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Manage Your Money

Managing your money is probably the hardest part of employment changes and in particular when unemployed. The four most important steps to managing your money if unemployed are applying for unemployment insurance, obtaining medical insurance coverage, managing any retirement savings and getting a handle on your spending and expenses. The key steps and resources to help with all of this are contained in this section.

Unemployment Benefits:

Many people who lose their job qualify for unemployment benefits supplied by the federal government and administered by individual states. Applications may be submitted online or in person. To learn about unemployment insurance, Workplace Fairness provides an overview. It is important to apply quickly since paperwork and processing may take some time. The number of weeks you are eligible to receive an unemployment check varies by state, as does the amount you are able to collect. Many states allow collection for up to 26 weeks; however, Congress has extended benefit limits because of record-high unemployment levels. In states with particularly severe job loss benefits may be available for up to 73 weeks in total, although that is becoming increasingly rare in 2014. Depending upon the circumstances, some applicants are denied unemployment insurance, but it is possible to appeal.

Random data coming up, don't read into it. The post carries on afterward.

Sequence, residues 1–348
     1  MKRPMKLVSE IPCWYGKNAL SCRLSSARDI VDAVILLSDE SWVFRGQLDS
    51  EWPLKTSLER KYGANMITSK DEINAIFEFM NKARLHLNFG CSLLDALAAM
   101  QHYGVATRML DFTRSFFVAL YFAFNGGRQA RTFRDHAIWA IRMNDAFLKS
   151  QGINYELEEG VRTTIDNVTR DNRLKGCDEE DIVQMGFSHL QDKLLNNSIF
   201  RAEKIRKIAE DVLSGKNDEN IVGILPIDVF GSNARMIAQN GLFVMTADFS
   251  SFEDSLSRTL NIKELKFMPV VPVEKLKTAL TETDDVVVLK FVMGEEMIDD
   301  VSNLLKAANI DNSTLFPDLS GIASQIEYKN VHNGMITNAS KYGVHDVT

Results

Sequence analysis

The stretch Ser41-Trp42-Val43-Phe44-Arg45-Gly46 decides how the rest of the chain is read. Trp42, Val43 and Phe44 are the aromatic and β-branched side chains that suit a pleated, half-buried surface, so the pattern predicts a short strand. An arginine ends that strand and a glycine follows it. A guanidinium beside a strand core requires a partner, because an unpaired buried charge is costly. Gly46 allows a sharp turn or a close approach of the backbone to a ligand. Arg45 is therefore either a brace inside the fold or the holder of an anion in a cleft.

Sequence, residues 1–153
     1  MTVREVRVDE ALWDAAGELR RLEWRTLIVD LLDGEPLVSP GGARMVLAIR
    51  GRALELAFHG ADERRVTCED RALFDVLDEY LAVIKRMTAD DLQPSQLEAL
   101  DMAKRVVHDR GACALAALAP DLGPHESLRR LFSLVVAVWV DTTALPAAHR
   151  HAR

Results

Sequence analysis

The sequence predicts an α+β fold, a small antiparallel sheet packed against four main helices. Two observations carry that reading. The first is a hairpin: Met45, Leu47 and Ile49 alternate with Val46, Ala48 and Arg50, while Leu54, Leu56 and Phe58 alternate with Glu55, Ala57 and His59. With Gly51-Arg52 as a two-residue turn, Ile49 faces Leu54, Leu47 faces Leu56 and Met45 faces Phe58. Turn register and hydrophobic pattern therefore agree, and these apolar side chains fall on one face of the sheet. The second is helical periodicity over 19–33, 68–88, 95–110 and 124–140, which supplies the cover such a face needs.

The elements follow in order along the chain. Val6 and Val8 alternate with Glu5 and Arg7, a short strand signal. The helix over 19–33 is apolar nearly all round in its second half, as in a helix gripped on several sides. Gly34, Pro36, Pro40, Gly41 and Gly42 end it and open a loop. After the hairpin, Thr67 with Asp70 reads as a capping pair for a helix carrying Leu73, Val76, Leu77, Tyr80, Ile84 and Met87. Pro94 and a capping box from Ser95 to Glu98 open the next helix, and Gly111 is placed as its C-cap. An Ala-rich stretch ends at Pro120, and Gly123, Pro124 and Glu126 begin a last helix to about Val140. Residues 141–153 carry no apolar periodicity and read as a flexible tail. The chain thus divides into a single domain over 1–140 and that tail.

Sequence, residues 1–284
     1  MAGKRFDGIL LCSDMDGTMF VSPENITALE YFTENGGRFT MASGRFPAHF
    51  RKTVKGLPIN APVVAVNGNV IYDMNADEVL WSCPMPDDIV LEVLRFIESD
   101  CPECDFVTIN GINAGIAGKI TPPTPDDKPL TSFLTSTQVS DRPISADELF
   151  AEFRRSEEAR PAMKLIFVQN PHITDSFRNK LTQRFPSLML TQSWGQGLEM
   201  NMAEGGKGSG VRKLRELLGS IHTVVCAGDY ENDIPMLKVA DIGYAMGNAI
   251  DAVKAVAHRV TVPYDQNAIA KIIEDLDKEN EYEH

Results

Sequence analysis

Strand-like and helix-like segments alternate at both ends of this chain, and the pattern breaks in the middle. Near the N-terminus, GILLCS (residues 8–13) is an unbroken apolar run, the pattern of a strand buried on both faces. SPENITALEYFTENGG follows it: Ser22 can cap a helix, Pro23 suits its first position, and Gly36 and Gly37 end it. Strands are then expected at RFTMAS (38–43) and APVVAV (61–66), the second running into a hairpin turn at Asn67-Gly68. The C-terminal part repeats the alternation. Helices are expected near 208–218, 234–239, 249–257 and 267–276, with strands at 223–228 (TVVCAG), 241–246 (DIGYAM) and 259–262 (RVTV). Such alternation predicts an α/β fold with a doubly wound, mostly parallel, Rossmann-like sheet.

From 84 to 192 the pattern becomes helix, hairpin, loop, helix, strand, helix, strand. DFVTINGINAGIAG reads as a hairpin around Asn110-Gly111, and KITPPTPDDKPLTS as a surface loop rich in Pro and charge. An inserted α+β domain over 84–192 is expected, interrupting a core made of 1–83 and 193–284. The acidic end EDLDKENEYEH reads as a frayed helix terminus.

Health Benefits:

Maintaining health insurance coverage is among the most important things to do once unemployed. Explore your options with plans that may cover your spouse or partner. (This may be the most cost effective avenue.) Another option is COBRA, a government-mandated program that extends your current medical insurance for 18 months if your company employs 20 or more people. Investigating COBRA insurance is a must in the period immediately following the loss of a job. Your former employer’s human resources department should provide you with information about COBRA. If not, ask them for it. Be aware that you will be responsible for the monthly premium payments to maintain health coverage through COBRA. Between 2009 and 2011 the government subsidized COBRA payments for a specific length of time, but that initiative ended in September 2011. Now you are responsible for the full payment.

Unfortunately, many people have difficulty affording COBRA once unemployed. The Foundation for Health Coverage Education is a non-profit organization established to help people identify their free or low cost health care options.

Another option is to shop for health insurance online. This can be a cost effective strategy since COBRA premiums include the cost of your health insurance plus a fee for administrative costs.

Finally, the Affordable Care Act went into effect on January 1, 2014. This will impact the cost of health insurance for those who are unemployed, self-employed or whose employers do not provide insurance. To learn more about your options, you can read more here. Open enrollment began October 1, 2013 and is found here.

Retirement Benefits:

When facing separation from your employer, there are many things you might not know you have to do. One such task is managing the transition of retirement assets.

If you’ve been laid off, are leaving your current employer for a new opportunity or are even retiring, your first conversation should be with your former employer’s department of human resources. While many large firms provide former employees with an informational packet during their exit interview, you will likely still have questions. Guidance you receive from HR could prove invaluable in managing this transition.